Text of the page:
Kim Sang-jo, South Korea’s nominee for chief of the anti-trust watchdog, said on Thursday he would apply stricter fair trade laws to the four largest chaebol when he takes office.
Often called “chaebol sniper” for his longtime shareholder activism, the economics professor at Hansung University was the key economic adviser to President Moon Jae-in during his election campaign, mapping out Moon‘s key pledges on chaebol reform.
“The existing regulations were based on the same standards for all, for example, 60 business groups with assets of more than 5 trillion won, and 30 business groups with more than 10 trillion won in assets. Applying the same rules were ineffective on top groups and relatively excessive on lower groups,” Kim said at a press conference at the FTC Mediation Agency in central Seoul.
Kim Sang-jo speaks at a press conference at the FTC Mediation Agency in central Seoul on Thursday. (Yonhap)
“For now, I will sternly apply more strict laws on the four largest groups. I hope that the corporate sector could voluntarily change in the new environment.”
The four largest conglomerates are Samsung, Hyundai Motor, SK and LG. Their assets account for half of the assets of the 30 largest business groups in Korea.
Korea’s family-owned conglomerates are often criticized for their unfair deals with sub-contractors and small- and medium-sized enterprises. Chaebol’s funneling contracts and business orders to their affiliates is also under regulation for concerns of damaging fair competition against SMEs.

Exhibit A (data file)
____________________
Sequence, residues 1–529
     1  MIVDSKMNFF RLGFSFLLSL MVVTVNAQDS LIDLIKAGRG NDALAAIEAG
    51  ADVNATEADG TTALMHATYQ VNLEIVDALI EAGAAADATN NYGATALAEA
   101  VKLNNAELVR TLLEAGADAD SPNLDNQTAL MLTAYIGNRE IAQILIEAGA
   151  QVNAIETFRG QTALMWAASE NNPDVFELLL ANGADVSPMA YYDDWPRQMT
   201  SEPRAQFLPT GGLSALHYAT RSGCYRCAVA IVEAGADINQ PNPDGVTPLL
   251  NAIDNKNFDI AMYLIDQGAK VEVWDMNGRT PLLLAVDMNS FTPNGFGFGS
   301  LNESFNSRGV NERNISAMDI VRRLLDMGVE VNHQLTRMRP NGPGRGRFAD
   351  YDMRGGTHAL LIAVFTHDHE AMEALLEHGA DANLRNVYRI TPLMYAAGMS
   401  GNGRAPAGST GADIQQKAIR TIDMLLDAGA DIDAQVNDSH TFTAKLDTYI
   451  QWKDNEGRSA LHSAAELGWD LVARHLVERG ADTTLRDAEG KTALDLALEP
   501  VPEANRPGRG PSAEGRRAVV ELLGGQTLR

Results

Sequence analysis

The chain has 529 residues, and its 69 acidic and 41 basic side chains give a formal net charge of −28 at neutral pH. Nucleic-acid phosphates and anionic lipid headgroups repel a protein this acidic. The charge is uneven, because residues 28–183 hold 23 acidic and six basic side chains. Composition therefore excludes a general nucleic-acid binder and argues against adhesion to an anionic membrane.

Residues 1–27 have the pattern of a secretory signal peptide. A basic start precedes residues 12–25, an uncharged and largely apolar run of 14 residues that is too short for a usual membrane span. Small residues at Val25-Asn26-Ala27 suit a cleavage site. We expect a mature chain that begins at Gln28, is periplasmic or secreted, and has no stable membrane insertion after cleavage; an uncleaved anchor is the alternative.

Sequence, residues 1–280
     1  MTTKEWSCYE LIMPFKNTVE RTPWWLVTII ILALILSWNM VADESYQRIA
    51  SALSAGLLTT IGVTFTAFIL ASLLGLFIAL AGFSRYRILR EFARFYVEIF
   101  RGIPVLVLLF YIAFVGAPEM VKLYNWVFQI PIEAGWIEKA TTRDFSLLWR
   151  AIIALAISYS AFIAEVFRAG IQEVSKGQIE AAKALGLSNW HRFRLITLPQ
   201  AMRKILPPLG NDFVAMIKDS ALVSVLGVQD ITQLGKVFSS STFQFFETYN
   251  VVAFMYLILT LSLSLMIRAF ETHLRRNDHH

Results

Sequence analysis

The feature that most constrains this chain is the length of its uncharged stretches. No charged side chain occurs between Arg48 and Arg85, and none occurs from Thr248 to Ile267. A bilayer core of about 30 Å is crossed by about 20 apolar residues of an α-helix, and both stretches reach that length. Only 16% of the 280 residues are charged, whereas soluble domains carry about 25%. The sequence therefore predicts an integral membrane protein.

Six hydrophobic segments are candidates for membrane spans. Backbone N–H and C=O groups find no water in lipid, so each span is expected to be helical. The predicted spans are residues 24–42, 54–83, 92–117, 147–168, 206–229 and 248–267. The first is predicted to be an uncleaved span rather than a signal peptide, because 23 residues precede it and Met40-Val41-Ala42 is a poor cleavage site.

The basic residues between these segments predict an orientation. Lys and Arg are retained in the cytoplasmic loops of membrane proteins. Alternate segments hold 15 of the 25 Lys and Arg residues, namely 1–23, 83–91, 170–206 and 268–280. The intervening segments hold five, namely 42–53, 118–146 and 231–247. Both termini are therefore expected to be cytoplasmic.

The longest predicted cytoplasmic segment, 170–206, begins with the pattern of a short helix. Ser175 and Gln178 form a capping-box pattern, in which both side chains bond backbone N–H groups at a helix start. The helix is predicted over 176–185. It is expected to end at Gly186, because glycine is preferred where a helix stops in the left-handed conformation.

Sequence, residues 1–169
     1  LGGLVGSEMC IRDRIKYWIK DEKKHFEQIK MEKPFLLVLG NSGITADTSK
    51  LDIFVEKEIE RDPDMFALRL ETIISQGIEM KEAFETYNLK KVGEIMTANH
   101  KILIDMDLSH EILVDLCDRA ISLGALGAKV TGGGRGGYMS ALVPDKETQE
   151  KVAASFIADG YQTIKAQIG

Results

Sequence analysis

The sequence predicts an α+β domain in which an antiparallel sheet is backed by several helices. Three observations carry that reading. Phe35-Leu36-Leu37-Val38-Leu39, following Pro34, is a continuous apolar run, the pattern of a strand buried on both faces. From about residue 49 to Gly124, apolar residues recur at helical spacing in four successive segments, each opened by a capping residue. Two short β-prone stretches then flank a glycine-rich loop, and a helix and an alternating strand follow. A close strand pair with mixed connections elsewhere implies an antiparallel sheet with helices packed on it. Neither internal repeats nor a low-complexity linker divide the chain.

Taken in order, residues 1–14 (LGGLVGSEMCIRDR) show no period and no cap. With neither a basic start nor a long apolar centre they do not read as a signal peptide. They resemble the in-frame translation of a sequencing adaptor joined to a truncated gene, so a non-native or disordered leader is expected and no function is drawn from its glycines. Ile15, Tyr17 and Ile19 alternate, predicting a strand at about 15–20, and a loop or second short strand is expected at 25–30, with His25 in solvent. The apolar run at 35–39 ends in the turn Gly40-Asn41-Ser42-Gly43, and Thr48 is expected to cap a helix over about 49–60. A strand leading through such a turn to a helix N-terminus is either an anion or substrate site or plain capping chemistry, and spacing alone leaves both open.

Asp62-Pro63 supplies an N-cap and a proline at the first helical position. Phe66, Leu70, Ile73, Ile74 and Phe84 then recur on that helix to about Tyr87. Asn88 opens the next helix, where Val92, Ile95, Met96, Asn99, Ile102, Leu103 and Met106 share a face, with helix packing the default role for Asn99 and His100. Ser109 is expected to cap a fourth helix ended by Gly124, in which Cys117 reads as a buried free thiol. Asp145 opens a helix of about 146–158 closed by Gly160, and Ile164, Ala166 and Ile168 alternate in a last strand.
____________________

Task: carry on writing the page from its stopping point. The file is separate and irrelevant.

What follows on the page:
To better monitor such occurrences, Kim said he will enlarge the FTC’s current “business group division” to ”business group bureau.” The change in the FTC’s structure, which also needs consultation with the Ministry of the Interior, is similar to Moon’s pledge to revive the FTC’s investigation bureau, Kim said.
The business group bureau will also enhance economic research work to better deal with international disputes, he said.
Samsung Electronics (from left), Hyundai Motor, LG and SK headquarters (Yonhap)
Cutting the complex cross-shareholdings at conglomerates, another tool for chaebol reform, is not an urgent issue and that was why it was taken out from the 10 major pledges of Moon, he said.
“Five years ago, there were 98,000 shareholding connections under 14 groups, and 95,000 among them came from Lotte. Now, the number has shrank to 90 connections under seven groups. Among these, Hyundai Motor is the only group that the cross-shareholdings are related to the family owner’s control,” Kim said.
“To regulate this, we need a law revision, which needs a parliamentary agreement. Considering the benefits and the costs, cutting the cross-shareholdings is not urgent.”
Kim also vowed to scrap the FTC’s long-held exclusive right to charge businesses for fair trade violations but made sure to discuss further with FTC officials to which degree the FTC should push the reform.
The current law prevents prosecutors from indicting companies for competition law violations unless the Fair Trade Commission files an accusation. Only several other entities -- the Board of Audit and Inspection, Public Procurement Service and the Small and Medium Business Administration -- can request the FTC to file a case with the prosecution.
By Kim Yoon-mi (firstname.lastname@example.org